Survey: More Than Half of Medical Device Industry Professionals Looking for New Job in 2010
ORLANDO, Fla.–(BUSINESS WIRE)–According to a random online survey* of 2,150 medical device industry professionals between January 4 and January 13, a full 55 percent are looking at 2010 as the year to make a job change.
“What is the likelihood you will change jobs in 2010?”
Conducted by Legacy MedSearch, a leading medical device retained search firm, the survey posed the question: “What is the likelihood you will change jobs in 2010?” Twenty-eight percent of all respondents answered that they were either “unemployed” or “actively looking,” with an additional 28 percent indicating the “strong possibility” of a job change. A mere 11 percent expected no change in their employment under any circumstances in 2010.
Paula Rutledge, President of Legacy MedSearch, says she was not surprised by the results. “For the past eighteen months, professionals in all aspects of the medical industry have had to work harder – many times for less pay and with fewer resources – to make up for reductions in staff. I don’t believe this trend is sustainable. We anticipate a slight increase in hiring in 2010, particularly in the customer-facing functions like sales and marketing. With the FDA battening down the hatches on the PMA and 510(k) approval processes, we are also seeing a recent surge in positions associated with product approvals and liability such as quality, regulatory, compliance and clinical affairs.”
VPs and C Suite Most Likely to Change Jobs
In a breakdown of the poll results by title, 41 percent of vice president and “C” level executives indicated a “strong possibility” that they will change jobs in 2010. This compares to eight percent who categorized themselves as “owner,” 13 percent who categorized their positions as non-executive management and 30 percent “all other” job titles.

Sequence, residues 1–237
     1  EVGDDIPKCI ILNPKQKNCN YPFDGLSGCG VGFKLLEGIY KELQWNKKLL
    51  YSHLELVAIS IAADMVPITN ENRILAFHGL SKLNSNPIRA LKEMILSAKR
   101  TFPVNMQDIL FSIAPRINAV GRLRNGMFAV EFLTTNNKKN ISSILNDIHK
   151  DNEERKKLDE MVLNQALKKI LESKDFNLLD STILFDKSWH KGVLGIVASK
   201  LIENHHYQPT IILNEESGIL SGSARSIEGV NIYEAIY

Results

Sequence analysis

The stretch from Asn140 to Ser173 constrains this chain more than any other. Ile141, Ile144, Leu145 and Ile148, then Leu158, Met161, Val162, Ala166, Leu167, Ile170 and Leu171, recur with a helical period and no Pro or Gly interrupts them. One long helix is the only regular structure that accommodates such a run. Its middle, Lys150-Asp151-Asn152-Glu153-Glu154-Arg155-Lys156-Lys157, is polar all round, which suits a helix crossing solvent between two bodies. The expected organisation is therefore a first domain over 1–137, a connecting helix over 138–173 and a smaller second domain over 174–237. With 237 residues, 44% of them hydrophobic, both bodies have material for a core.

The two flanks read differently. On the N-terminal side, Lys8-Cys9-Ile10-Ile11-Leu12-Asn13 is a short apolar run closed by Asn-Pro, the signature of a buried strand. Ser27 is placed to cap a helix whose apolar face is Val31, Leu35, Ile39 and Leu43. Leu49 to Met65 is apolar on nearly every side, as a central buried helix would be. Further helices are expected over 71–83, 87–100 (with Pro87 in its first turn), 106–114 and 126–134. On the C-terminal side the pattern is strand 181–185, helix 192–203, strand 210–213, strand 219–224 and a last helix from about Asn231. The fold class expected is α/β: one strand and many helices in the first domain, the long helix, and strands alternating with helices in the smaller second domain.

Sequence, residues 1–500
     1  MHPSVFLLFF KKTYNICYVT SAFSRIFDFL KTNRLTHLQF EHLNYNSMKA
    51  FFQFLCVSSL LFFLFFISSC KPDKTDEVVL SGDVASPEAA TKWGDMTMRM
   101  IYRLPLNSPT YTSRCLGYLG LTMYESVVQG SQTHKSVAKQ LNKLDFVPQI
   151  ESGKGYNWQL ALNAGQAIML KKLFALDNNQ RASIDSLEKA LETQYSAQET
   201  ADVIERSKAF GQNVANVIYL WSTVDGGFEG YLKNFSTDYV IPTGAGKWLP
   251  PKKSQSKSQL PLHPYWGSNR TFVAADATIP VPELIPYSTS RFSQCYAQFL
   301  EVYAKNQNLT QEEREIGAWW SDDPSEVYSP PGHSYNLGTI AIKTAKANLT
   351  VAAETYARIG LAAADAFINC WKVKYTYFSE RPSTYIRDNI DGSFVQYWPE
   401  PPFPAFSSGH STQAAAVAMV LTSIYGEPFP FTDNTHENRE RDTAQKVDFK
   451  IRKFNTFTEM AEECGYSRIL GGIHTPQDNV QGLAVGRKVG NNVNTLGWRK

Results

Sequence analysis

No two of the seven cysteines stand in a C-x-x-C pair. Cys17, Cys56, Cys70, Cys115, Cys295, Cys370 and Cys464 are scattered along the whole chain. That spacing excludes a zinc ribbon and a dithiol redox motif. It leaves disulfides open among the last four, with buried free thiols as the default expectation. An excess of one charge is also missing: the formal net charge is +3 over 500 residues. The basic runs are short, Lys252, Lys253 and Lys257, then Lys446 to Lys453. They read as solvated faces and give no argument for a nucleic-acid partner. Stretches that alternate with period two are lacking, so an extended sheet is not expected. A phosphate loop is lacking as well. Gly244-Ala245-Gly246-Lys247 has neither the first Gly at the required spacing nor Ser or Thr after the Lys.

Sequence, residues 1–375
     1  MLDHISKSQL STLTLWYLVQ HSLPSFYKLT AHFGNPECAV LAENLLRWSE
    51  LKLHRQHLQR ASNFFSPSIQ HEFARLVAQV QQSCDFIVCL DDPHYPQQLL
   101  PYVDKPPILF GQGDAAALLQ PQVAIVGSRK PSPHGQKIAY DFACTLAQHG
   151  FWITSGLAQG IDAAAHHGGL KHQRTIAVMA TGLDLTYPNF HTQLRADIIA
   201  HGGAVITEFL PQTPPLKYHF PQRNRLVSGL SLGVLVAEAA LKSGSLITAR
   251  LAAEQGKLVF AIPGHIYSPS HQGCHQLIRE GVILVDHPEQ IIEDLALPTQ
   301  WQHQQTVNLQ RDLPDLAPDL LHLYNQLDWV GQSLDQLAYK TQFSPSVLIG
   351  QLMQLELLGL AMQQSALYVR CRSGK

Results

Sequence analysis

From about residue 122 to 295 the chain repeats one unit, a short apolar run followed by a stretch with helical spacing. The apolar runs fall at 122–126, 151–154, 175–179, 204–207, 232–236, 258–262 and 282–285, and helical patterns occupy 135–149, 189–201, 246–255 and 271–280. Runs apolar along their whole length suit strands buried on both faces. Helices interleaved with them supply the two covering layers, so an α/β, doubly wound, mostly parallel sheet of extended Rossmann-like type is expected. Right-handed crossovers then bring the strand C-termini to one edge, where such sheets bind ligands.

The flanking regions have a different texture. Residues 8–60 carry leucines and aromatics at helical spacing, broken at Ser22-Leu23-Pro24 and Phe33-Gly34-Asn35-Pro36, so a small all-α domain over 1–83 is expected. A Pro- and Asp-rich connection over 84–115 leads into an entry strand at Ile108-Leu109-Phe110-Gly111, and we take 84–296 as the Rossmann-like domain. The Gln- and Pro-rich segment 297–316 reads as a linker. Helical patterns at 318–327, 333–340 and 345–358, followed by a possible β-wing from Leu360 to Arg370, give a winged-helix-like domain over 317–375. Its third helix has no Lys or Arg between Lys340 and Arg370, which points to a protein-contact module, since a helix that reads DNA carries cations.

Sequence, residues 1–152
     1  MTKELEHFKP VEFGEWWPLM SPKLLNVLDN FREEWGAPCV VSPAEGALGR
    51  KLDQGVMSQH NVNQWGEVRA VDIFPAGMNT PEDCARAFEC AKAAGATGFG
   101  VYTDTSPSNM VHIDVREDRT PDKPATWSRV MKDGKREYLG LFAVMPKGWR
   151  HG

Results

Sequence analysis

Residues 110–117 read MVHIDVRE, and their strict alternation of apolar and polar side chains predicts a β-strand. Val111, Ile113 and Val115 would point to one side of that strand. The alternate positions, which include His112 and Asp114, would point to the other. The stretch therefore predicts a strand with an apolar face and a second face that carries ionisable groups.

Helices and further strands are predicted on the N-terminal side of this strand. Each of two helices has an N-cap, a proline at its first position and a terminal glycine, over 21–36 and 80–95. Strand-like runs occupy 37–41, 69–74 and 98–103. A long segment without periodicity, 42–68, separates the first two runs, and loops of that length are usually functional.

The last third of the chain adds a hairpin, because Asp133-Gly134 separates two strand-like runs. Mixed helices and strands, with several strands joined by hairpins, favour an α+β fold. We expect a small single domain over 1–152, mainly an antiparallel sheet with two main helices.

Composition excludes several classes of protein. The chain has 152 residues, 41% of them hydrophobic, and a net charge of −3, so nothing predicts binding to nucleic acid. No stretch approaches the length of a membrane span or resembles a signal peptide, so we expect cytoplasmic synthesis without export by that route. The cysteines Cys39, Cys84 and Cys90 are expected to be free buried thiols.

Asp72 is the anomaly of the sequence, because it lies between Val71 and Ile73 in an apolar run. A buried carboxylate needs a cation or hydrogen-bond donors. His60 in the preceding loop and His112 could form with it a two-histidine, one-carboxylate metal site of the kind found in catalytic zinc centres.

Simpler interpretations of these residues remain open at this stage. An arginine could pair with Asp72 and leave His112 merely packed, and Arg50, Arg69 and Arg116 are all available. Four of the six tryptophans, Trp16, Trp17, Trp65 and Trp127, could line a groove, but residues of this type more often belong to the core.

“With the capital markets and economic pressures constraining bonuses and incentives – and many stock options essentially worthless – many VPs and CEOs have shared confidentially that 2010 may be the year to start a new job with a clean slate,“ noted Rutledge. “Once quarterly earnings are posted, there could well be a significant shuffle in the executive management ranks – both voluntarily and involuntarily. Many companies are talking to us about making changes at the top as well, so we sense our 2010 VP and C-level searches to out-pace 2009.”
Product Staffers Least Upbeat on Current Jobs; Business Development and Marketing Most Bullish on 2010
Of all the job functions represented, respondents in product-focused positions expressed the worst outlook for their current jobs in the new year, with zero percent answering “excited about 2010.” Most upbeat about their current positions in 2010 were business development executives, 47 percent of whom were either “excited about 2010” or “happy where I am;” and marketing professionals, 43 percent of whom were either “excited about 2010” or “happy where I am.”
Small Company Employees Rank Happiest
When comparing respondents in regards to the size of their employers, those at small companies were most likely to have a positive outlook on their jobs in the new year, with 21 percent reporting that they are “excited about 2010.” This compares to 10 percent at enterprise organizations, eight percent at large companies and just five percent at medium-sized companies.
Legacy MedSearch client Derrick Johns, president and chief executive officer of DiFusion Technologies, commented on this finding. “Having worked at several larger device companies throughout my career, I think employees at smaller companies like ours may be happier due to the sense of ‘ownership’ they feel in their respective projects. They also don’t need to deal with the politics and bureaucracy often found at larger companies, which means that they can be more nimble and effective. Despite the current recession, DiFusion is looking to hire in 2010. I’m not sure this is something our larger competitors can say.”
*This survey was conducted via the paid polling service of business networking site LinkedIn between January 4 and January 7, 2010.
About Legacy MedSearch
Legacy MedSearch is a retained recruitment firm focused exclusively on the medical device and technology industry. The firm serves emerging, mid-sized and Fortune 500 medical device companies who require a specialized approach to placing C-level executives and senior managers in the areas of engineering, sales and marketing, research and development, product management, clinical affairs as well as quality and regulatory affairs. For more information, visit www.legacymedsearch.com.